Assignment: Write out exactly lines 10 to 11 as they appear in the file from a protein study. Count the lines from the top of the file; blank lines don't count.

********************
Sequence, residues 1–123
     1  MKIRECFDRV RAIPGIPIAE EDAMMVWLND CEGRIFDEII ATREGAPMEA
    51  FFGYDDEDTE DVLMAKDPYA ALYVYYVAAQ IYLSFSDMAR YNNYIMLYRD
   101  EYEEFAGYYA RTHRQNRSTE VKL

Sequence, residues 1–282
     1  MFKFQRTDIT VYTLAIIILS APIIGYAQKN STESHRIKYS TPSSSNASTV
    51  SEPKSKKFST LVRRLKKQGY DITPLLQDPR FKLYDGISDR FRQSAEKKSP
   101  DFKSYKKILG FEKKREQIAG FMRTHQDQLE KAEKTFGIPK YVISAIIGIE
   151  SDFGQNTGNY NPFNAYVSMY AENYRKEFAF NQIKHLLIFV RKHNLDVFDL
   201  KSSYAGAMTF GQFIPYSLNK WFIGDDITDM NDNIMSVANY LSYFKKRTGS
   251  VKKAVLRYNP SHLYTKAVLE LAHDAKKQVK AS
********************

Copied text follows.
   201  KSSYAGAMTF GQFIPYSLNK WFIGDDITDM NDNIMSVANY LSYFKKRTGS
   251  VKKAVLRYNP SHLYTKAVLE LAHDAKKQVK AS